Indexed on: 25 May '07Published on: 25 May '07Published in: Journal of virology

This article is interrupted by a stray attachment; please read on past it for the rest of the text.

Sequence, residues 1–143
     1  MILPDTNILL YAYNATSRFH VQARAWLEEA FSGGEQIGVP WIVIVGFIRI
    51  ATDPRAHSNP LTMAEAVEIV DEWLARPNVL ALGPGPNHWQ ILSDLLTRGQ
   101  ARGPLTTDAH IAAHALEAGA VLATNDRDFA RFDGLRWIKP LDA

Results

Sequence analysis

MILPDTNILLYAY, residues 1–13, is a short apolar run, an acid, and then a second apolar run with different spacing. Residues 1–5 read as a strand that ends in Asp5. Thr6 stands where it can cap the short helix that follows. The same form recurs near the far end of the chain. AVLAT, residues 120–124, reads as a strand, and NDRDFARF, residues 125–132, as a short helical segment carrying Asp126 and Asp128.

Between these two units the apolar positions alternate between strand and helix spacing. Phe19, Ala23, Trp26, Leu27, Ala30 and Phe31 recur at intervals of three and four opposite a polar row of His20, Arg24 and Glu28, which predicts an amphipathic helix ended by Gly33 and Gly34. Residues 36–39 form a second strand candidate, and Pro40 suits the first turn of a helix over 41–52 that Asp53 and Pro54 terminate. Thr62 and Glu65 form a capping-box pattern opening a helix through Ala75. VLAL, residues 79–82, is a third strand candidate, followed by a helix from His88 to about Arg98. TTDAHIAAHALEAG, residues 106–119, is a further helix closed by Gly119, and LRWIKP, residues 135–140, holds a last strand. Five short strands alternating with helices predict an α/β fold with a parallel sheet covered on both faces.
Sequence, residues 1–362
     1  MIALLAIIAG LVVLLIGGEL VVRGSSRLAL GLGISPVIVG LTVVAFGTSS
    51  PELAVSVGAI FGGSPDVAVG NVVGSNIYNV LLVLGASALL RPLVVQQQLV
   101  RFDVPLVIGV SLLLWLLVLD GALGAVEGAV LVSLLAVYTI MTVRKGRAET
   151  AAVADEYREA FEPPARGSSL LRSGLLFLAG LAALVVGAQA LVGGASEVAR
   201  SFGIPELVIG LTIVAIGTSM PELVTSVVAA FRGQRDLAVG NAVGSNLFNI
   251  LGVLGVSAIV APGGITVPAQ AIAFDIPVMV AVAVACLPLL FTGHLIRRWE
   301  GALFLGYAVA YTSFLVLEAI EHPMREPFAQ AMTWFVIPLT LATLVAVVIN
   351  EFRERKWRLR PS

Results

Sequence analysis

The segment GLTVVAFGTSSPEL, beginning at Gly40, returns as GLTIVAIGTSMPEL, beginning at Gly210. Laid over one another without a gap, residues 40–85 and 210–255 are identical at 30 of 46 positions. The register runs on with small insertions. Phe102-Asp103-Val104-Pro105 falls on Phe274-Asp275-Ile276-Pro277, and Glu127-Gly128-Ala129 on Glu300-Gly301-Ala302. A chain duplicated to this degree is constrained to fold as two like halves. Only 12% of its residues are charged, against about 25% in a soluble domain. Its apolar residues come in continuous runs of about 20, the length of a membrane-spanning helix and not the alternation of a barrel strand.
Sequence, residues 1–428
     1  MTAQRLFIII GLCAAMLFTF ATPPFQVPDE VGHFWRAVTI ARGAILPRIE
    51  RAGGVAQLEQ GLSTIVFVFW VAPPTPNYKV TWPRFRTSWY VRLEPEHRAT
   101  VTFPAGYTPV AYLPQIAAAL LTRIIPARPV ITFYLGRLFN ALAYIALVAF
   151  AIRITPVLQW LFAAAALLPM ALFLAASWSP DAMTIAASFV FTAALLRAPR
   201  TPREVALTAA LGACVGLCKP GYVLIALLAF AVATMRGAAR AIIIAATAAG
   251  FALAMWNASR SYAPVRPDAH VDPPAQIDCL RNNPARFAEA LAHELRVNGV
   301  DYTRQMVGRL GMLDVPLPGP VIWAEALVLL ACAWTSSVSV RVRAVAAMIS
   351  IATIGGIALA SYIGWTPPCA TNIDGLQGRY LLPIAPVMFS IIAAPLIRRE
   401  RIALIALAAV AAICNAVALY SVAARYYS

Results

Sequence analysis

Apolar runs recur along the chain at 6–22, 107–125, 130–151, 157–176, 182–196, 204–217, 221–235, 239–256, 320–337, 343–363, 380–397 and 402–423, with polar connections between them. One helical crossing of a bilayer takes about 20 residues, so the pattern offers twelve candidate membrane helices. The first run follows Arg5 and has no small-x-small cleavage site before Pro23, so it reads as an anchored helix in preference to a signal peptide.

Human immunodeficiency virus type 1 (HIV-1) Vif counteracts the antiviral activity of the human cytidine deaminase APOBEC3G (APO3G) by inhibiting its incorporation into virions. This has been attributed to the Vif-induced degradation of APO3G by cytoplasmic proteasomes. We recently demonstrated that although APO3G has a natural tendency to form RNA-dependent homo-multimers, multimerization was not essential for encapsidation into HIV-1 virions or antiviral activity. We now demonstrate that a multimerization-defective APO3G variant (APO3G C97A) is able to assemble into RNase-sensitive high-molecular-mass (HMM) complexes, suggesting that homo-multimerization of APO3G and assembly into HMM complexes are unrelated RNA-dependent processes. Interestingly, APO3G C97A was highly resistant to Vif-induced degradation even though the two proteins were found to interact in coimmunoprecipitation experiments and exhibited partial colocalization in transfected HeLa cells. Surprisingly, encapsidation and antiviral activity of APO3G C97A were both inhibited by Vif despite resistance to degradation. These results demonstrate that targeting of APO3G to proteasome degradation and interference with viral encapsidation are distinct functional properties of Vif.